& " SELECT SourceTableID, Title, DateModified FROM SourceTable; ";

// run the sql statments and get the first results
statement = connection.createStatement();
isResultSet = statement.execute(sqlToExecute);
rowCount = statement.getUpdateCount();

// construct an array for storing the results
results = arrayNew(1);

do {
// the current result is a resultset
if (isResultSet) {

// get the resultset and metadata
resultset = statement.getResultSet();
metadata = resultset.getMetaData();
columnCount = metadata.getColumnCount();
columnNames = arrayNew(1);

// construct an array of query column names
for (col = 1; col LTE columnCount; col = col + 1) {
arrayAppend(columnNames, metadata.getColumnName( col ));
}

// convert the resultset to a CF query
row = 0;
rsQuery = queryNew( arrayToList(columnNames) );

// for each row of data ..
while (resultset.next()) {
row = queryAddRow( rsQuery, 1 );
// copy the values for each column into the CF query object
for (col = 1; col LTE columnCount; col = col + 1) {
rsQuery[ columnNames[col] ] [ row ] = resultset.getObject( javacast("int", col) );
}
}

// close the resultset to release the resources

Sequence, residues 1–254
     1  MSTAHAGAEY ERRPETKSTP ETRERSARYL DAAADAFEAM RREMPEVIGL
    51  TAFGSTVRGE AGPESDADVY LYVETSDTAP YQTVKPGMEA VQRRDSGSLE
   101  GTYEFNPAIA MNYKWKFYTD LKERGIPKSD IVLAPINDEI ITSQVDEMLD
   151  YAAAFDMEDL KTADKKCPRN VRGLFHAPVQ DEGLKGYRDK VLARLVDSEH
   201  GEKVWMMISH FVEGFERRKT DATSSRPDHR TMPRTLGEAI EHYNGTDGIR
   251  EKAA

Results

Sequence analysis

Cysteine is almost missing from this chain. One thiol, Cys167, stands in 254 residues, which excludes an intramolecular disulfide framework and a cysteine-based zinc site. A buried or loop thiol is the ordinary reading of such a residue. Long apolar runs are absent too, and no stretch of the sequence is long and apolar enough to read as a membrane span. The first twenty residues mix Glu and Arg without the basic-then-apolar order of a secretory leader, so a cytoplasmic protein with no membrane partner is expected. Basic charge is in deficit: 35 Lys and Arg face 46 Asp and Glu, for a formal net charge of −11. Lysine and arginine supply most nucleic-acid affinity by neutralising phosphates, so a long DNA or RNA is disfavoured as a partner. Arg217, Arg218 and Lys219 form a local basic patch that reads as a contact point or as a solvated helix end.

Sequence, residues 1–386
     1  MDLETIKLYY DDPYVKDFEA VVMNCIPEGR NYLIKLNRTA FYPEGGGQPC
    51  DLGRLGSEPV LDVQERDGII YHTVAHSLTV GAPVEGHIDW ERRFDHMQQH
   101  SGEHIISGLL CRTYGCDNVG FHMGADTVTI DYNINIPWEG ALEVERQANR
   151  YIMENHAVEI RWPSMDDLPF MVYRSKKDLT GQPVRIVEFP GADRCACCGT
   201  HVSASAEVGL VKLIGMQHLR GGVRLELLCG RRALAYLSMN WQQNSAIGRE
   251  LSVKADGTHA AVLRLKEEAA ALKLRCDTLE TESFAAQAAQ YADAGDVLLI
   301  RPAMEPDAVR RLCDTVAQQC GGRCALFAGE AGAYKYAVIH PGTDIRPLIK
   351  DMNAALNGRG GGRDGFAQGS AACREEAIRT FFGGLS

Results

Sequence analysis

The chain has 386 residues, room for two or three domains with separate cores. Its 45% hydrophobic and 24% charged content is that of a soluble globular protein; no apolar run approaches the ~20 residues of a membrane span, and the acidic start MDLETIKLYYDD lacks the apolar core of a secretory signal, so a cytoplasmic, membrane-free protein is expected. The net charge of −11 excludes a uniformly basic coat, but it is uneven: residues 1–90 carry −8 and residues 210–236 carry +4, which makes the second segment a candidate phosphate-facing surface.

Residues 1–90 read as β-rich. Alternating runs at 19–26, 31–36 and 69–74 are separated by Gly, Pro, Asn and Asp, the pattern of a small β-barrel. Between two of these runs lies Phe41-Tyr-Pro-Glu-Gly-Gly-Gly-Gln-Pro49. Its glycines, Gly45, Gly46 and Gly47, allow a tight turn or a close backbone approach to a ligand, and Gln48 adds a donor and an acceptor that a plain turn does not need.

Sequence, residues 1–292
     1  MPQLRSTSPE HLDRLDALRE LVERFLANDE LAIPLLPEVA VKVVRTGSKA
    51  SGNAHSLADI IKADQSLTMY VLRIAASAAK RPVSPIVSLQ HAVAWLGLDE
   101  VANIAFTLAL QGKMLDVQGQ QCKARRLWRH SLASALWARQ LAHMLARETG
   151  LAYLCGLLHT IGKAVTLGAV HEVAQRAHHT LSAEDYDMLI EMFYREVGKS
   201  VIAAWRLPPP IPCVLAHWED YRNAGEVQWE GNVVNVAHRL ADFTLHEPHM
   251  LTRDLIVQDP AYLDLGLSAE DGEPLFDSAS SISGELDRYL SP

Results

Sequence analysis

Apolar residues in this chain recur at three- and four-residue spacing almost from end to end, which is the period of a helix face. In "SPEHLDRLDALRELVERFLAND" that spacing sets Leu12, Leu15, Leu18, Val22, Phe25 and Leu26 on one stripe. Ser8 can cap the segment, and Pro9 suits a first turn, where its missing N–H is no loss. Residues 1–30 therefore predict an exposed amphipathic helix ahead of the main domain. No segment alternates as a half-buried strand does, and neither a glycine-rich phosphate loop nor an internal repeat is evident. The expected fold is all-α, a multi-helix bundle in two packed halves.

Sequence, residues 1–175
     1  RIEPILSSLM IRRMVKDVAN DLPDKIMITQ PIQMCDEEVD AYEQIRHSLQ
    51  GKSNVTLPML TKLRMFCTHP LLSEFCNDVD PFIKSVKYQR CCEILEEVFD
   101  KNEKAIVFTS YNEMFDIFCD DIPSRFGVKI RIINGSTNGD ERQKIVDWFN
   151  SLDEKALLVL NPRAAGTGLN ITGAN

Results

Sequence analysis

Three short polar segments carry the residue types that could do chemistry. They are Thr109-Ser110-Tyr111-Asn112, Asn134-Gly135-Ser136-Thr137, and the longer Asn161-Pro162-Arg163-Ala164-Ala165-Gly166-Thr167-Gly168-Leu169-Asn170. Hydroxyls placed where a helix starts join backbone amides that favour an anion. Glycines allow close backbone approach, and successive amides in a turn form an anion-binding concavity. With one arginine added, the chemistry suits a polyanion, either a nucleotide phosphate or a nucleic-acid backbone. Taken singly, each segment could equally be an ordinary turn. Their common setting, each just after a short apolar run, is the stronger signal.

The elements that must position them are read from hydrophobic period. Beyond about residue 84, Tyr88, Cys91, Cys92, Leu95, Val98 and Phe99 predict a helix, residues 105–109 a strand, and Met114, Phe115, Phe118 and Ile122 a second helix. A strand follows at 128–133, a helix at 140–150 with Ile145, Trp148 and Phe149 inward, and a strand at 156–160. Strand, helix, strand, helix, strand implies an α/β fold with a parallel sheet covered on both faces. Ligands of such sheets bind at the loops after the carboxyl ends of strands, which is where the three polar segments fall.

resultset.close();

// store the results
data = structNew();
data.recordCount = row;
data.isQuery = true;
data.query = rsQuery;
arrayAppend( results, data );

}
// this is a row count only
else if (rowCount >= 0) {

// store the current row count
data = structNew();
data.recordCount = statement.getUpdateCount();
data.isQuery = false;
data.query = "";
arrayAppend( results, data );
}

// get the next set of results
isResultSet = statement.getMoreResults();
rowCount = statement.getUpdateCount();
}
// while there are still results to process
while (isResultSet OR rowCount GTE 0);

// ALWAYS close connection objects!
statement.close();
connection.close();
</cfscript>

<!--- display the results --->
<cfdump var="#results#">

1 comments:

Anonymous,  March 3, 2008 at 7:15 AM  

very interesting, thanks for the info

  © Blogger templates The Professional Template by Ourblogtemplates.com 2008

Header image adapted from atomicjeep